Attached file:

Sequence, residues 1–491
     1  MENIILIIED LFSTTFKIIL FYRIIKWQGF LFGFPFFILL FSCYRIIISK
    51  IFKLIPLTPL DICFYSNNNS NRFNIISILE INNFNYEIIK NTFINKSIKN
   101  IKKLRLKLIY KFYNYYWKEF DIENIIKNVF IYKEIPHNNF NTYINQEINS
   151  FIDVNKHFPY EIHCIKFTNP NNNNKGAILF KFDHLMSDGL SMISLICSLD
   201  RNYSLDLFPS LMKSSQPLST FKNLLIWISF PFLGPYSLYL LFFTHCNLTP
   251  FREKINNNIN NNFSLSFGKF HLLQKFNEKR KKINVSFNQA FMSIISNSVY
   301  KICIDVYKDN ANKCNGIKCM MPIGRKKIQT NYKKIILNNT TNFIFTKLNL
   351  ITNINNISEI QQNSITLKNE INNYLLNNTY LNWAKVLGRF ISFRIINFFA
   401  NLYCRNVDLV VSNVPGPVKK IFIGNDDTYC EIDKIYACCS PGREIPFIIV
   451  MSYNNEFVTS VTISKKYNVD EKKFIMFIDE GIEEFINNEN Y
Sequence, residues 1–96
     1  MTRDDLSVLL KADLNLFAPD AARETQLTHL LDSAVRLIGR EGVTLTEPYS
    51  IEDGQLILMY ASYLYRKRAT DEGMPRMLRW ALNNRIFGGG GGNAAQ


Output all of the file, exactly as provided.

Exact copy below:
Sequence, residues 1–491
     1  MENIILIIED LFSTTFKIIL FYRIIKWQGF LFGFPFFILL FSCYRIIISK
    51  IFKLIPLTPL DICFYSNNNS NRFNIISILE INNFNYEIIK NTFINKSIKN
   101  IKKLRLKLIY KFYNYYWKEF DIENIIKNVF IYKEIPHNNF NTYINQEINS
   151  FIDVNKHFPY EIHCIKFTNP NNNNKGAILF KFDHLMSDGL SMISLICSLD
   201  RNYSLDLFPS LMKSSQPLST FKNLLIWISF PFLGPYSLYL LFFTHCNLTP
   251  FREKINNNIN NNFSLSFGKF HLLQKFNEKR KKINVSFNQA FMSIISNSVY
   301  KICIDVYKDN ANKCNGIKCM MPIGRKKIQT NYKKIILNNT TNFIFTKLNL
   351  ITNINNISEI QQNSITLKNE INNYLLNNTY LNWAKVLGRF ISFRIINFFA
   401  NLYCRNVDLV VSNVPGPVKK IFIGNDDTYC EIDKIYACCS PGREIPFIIV
   451  MSYNNEFVTS VTISKKYNVD EKKFIMFIDE GIEEFINNEN Y
Sequence, residues 1–96
     1  MTRDDLSVLL KADLNLFAPD AARETQLTHL LDSAVRLIGR EGVTLTEPYS
    51  IEDGQLILMY ASYLYRKRAT DEGMPRMLRW ALNNRIFGGG GGNAAQ